Could We Eliminate a Federal Department?

by Andrew Wilford / /

In years past it was relatively more common for Congress to consider legislation that eliminated entire federal departments. For example, during the 104th Congress, Members drafted bills to eliminate the Departments of Education, Housing and Urban Development, and Commerce. While the current Congress includes legislation to terminate smaller agencies such as the National Technical Information Service and the Economic Development Administration, there are no bills that would target an entire cabinet-level department. Now, such proposals are largely restricted to presidential candidates. How would eliminating a federal department actually work? How much taxpayer funds would it save? The Congressional Budget Office (CBO) recently looked into this question in its latest Budget Options report.

While it may at first seem logical that eliminating a federal department would result in savings of that department’s previous year’s budget, such a measure would overstate actual savings. Some 70 to 84 percent of the budgets of all federal departments combined are made up of “grants, subsidies, insurance benefits, and interest payments.” Much of this funding would simply be passed on to the state governments instead of being eliminated entirely, thus limiting overall savings. However, this percentage varies greatly depending on the department in question.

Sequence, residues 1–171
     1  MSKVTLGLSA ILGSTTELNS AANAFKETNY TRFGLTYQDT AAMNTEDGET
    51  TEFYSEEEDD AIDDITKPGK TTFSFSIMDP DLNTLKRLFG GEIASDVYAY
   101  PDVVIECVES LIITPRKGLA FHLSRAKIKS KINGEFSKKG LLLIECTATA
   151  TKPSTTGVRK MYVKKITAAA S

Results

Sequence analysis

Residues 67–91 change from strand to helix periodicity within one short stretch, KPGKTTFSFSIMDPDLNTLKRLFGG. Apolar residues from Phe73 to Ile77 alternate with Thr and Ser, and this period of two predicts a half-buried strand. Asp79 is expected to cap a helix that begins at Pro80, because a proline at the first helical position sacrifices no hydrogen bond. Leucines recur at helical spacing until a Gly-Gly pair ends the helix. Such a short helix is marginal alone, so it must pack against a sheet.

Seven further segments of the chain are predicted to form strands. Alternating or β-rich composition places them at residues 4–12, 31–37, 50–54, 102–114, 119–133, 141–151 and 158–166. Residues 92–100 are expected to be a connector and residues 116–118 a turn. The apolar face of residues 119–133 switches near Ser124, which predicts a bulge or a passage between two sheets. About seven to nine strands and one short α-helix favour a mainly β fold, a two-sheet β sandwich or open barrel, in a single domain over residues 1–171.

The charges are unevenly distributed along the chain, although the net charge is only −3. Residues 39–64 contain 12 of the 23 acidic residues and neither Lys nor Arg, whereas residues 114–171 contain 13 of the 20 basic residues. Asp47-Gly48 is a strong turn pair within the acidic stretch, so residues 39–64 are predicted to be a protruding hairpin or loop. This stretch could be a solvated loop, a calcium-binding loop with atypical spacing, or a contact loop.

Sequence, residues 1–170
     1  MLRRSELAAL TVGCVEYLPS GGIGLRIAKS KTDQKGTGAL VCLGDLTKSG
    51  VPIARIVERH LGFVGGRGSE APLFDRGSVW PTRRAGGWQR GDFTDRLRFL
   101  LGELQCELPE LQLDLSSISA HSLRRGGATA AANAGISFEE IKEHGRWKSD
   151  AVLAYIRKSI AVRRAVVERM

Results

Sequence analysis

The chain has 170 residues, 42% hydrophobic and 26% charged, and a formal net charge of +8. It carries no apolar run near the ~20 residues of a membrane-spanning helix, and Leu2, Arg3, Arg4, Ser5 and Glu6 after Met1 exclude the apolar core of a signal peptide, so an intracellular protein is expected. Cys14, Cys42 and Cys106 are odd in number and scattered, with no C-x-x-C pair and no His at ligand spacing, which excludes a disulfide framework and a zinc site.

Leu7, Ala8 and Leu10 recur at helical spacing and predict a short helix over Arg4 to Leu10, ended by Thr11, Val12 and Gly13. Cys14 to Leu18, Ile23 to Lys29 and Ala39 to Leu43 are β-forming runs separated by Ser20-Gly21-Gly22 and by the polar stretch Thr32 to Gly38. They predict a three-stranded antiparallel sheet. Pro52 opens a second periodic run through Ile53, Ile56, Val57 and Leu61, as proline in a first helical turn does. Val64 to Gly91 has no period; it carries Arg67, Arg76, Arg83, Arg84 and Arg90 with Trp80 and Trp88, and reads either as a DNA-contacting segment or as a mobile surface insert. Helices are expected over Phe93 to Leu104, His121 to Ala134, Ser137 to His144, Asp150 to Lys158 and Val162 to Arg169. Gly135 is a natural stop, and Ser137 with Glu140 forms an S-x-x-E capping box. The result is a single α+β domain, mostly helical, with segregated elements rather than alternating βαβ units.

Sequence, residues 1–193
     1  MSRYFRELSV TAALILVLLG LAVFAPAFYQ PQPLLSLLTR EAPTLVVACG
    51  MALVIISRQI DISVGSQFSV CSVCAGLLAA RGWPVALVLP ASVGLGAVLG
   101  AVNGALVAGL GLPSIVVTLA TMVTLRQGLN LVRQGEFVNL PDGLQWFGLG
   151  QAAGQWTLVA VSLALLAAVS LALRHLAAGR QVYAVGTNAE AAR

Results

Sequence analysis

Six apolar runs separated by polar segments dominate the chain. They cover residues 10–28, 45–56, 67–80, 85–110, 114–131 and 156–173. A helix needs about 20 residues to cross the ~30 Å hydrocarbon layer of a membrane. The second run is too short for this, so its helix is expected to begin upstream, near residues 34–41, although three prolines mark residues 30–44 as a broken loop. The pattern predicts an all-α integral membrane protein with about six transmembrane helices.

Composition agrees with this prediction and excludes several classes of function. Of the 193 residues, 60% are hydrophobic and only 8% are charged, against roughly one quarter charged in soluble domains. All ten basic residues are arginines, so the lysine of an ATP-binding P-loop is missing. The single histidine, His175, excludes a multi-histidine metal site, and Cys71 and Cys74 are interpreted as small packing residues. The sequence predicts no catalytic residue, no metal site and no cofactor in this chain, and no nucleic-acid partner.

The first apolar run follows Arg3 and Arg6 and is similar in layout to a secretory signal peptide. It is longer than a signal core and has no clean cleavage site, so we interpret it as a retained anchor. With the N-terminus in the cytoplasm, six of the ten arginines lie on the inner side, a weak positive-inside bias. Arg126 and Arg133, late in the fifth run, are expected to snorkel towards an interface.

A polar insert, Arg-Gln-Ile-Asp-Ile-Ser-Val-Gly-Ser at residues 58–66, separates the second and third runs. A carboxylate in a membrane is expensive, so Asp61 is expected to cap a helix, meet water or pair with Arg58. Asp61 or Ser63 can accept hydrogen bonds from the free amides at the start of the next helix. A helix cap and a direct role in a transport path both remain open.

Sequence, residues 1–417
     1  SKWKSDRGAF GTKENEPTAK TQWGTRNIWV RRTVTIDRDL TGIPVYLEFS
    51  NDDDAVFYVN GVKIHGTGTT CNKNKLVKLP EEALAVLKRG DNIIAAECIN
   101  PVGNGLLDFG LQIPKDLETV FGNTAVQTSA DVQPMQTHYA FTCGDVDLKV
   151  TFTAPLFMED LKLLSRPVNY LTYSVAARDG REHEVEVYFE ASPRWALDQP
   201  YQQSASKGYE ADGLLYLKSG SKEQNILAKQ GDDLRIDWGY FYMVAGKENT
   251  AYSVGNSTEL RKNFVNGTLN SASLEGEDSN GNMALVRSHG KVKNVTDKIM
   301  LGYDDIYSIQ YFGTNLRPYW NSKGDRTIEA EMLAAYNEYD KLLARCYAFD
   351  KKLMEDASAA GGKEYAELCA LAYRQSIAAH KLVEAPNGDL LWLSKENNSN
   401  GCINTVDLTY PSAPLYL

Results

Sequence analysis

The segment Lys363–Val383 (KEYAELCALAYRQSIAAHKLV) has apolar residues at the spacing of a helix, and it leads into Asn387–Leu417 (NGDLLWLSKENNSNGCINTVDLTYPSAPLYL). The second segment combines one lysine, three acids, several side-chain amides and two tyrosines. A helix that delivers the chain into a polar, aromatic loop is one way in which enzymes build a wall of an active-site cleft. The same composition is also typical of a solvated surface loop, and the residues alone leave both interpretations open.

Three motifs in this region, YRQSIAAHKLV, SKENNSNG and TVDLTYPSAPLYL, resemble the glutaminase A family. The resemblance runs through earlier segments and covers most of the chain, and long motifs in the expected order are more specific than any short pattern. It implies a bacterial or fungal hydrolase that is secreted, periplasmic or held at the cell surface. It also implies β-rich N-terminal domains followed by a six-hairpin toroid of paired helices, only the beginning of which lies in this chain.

The CBO’s report looks into three of the federal departments most often put forward as good options: the Departments of Commerce, Energy, and Education. Based on 2015 funding levels, the table below looks at the likely amount of savings if each of these departments was shut down and its grant funding sent to the states.



Total Budget for Direct Obligations (billions)

Funds Sent to States (billions)

Taxpayer Dollars Saved (billions)

Percentage of Department Budget Saved





















The amount of funding saved by eliminating a federal department may not be as large as the entire department budget, but it would be substantial (though programmatic reforms of the underlying grant and aid programs could achieve additional savings). This is particularly true in the case of the Departments of Commerce and Energy, each of which would yield savings of over 90 percent of their budgets. Even for the Department of Education, savings of $2.5 billion in taxpayer dollars is not insubstantial, and federal tax funds that are being used to perform a task that could easily be performed by states are wasted. The incoming President’s business background might prompt a detailed, necessary, and overdue line-by-line review of the federal government and reduce the overhead charged to taxpayers.